A PLAIN reading of the President's notings on the judicial appointments file would reveal that he has urged, importantly, that a second criterion - that of balance between social classes - be given its due. President Narayanan's advocacy of this criterion has never been a secret. For instance, in his inaugural speech at a seminar on judicial reforms on December 5, he made the following observations: "In our vast country with its immensity of diversities, it is a matter of importance that in the judiciary all the major regions and sections of society are represented to the extent possible, consistent with the requirements of merit and the high standards maintained by the judiciary. The argument is not that the judiciary should follow some sort of proportional representation. The administration of law and justice is intimately linked to the social philosophy of the judiciary, and the social philosophy cannot be entirely separated from the social origins of those who dispense justice. It has been said that those who live differently think differently."

It would take a rather fanciful or fevered imagination to interpret these locutions as advocacy for reservations, or as an argument that "merit" criteria should be waived in the interests of ensuring the balance between regions and social classes. The point, rather, is a more profound one, which has a bearing on the social and political content of judicial pronouncements.

The 1993 ruling of the Supreme Court had held that the proposal for appointing a judge must be initiated by the CJI or by the Chief Justice of a High Court, as the case may be. Following this, all other constitutional functionaries who have a role in the process should provide their opinions in a time-bound manner. The 1998 advisory opinion of the Supreme Court did not depart from this formula, which vested the initiative with the judiciary in the matter of appointments.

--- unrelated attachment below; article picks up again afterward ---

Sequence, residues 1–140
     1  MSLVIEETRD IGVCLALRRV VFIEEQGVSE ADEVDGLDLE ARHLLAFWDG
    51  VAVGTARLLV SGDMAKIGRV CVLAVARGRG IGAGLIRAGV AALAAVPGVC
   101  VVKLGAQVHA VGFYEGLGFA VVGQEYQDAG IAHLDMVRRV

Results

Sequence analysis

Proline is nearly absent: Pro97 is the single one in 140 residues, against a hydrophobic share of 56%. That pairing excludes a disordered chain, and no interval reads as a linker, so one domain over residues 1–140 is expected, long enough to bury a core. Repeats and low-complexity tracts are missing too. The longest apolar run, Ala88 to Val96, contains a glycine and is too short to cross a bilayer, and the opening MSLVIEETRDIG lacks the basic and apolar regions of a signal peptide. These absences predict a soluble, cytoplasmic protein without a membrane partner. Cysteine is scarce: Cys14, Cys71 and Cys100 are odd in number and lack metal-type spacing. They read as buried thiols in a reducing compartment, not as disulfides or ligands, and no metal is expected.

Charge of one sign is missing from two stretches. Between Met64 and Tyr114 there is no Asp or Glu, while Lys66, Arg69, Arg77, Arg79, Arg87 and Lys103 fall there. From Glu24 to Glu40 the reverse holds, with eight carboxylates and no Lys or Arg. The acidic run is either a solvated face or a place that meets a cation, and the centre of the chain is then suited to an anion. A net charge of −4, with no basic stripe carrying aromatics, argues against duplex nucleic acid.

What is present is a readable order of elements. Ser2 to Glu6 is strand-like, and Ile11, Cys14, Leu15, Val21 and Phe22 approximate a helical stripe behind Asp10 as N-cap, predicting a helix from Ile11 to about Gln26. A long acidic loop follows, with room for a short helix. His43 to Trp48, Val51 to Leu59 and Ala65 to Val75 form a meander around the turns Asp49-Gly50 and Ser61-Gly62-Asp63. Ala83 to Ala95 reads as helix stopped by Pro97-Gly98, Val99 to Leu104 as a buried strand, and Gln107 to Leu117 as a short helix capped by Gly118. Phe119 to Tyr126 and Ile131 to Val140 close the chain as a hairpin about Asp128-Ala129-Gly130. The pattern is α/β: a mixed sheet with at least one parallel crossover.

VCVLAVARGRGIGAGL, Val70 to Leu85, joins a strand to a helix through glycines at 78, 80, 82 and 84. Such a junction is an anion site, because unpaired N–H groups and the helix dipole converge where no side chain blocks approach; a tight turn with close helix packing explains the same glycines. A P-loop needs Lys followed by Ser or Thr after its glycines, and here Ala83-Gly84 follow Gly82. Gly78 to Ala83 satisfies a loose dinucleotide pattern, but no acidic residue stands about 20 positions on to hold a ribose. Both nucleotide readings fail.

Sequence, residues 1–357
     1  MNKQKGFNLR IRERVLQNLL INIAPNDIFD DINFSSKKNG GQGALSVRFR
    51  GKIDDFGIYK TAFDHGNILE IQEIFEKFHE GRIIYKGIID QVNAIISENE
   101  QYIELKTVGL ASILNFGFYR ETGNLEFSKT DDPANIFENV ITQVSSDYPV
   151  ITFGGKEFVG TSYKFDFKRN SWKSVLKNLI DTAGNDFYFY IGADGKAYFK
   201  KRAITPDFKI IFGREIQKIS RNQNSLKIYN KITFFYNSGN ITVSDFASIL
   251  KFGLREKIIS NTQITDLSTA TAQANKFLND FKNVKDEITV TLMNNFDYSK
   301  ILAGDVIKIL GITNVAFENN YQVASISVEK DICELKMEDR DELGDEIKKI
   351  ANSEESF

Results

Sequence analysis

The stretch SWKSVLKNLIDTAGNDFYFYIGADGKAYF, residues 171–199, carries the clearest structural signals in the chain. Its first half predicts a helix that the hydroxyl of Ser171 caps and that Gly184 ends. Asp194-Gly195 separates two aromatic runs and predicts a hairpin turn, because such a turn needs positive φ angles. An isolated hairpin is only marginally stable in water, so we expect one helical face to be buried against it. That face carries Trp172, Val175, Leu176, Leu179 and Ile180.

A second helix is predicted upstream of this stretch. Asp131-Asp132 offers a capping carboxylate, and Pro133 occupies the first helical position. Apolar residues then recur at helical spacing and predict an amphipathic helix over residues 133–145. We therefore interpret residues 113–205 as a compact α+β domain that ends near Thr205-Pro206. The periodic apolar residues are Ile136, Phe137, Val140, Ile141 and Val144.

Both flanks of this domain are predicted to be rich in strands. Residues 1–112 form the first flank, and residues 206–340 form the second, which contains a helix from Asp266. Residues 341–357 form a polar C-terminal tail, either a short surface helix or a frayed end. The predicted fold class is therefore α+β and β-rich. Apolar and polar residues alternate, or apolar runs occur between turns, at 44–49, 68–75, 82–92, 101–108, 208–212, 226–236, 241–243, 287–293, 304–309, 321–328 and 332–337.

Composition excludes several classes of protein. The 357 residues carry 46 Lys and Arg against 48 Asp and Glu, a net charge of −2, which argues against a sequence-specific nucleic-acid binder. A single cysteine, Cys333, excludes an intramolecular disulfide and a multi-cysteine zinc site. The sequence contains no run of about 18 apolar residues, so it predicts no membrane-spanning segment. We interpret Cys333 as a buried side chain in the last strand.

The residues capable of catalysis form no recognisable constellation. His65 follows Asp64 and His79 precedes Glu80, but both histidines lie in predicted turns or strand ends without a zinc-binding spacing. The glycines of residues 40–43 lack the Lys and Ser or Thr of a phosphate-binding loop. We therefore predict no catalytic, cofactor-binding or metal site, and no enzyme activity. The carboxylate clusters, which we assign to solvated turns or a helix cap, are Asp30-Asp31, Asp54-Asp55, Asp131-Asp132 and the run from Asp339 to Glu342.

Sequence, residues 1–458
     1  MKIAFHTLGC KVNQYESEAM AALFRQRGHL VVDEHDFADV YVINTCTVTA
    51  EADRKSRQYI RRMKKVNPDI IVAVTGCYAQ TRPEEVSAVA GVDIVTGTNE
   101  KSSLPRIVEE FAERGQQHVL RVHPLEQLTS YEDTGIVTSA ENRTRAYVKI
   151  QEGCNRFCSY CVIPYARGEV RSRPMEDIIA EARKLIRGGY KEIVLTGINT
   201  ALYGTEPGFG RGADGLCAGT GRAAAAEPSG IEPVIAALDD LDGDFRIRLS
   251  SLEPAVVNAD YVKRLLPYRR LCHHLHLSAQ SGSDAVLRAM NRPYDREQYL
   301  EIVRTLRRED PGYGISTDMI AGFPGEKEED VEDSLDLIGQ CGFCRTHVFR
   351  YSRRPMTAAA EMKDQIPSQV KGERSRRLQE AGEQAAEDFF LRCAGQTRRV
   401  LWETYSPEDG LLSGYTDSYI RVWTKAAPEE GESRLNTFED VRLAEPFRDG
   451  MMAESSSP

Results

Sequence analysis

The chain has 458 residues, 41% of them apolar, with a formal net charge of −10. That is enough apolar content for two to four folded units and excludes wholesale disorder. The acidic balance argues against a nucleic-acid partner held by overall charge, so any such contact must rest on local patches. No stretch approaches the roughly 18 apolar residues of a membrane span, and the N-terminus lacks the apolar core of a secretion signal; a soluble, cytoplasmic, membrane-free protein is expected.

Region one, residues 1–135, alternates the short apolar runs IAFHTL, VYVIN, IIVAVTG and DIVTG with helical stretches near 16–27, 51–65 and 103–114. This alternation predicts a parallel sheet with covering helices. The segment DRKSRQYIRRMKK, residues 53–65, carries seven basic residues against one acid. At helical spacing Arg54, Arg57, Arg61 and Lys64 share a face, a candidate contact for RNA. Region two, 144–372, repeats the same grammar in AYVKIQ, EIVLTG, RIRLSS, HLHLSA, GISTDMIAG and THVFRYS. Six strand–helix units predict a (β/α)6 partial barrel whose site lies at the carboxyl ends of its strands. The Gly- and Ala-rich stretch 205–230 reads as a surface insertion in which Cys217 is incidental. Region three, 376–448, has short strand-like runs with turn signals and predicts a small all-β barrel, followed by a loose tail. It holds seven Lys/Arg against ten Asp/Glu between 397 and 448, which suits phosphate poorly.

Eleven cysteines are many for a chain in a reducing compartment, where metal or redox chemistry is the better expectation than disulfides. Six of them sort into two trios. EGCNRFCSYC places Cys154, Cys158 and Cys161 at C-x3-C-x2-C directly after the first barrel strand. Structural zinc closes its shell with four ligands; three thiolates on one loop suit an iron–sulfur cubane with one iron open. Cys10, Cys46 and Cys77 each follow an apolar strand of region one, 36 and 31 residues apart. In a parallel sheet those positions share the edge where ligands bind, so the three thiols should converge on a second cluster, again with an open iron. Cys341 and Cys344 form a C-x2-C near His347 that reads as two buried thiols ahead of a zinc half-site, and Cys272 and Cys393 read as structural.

The judgment delivered by Justice S.R. Pandian in 1993 is of specific relevance here. While concurring with the majority opinion that the CJI in consultation with his senior colleagues should have the decisive influence over judicial appointments, Justice Pandian also thought it necessary to enter an important caveat: his years of experience at the bar and the Bench had convinced him that on occasions, "the candidates have been initiated for judgeship either on regional or caste or communal basis or on extraneous considerations." "There have been complaints which cannot be easily brushed aside," he continued, "that some of the recommendations have been tainted with nepotism and favouritism."

The outcome was a "theory of judicial relationship" whereby "generations of men from the same family or caste, community or religion are being sponsored and initiated and appointed as judges." This in turn meant that certain sections of the population were devoid of meaningful representation in the higher judiciary. Justice Pandian's estimate - equally valid now - was that less than 4 per cent of judges in the higher judiciary was from the SC and ST sections and less than 3 per cent were women.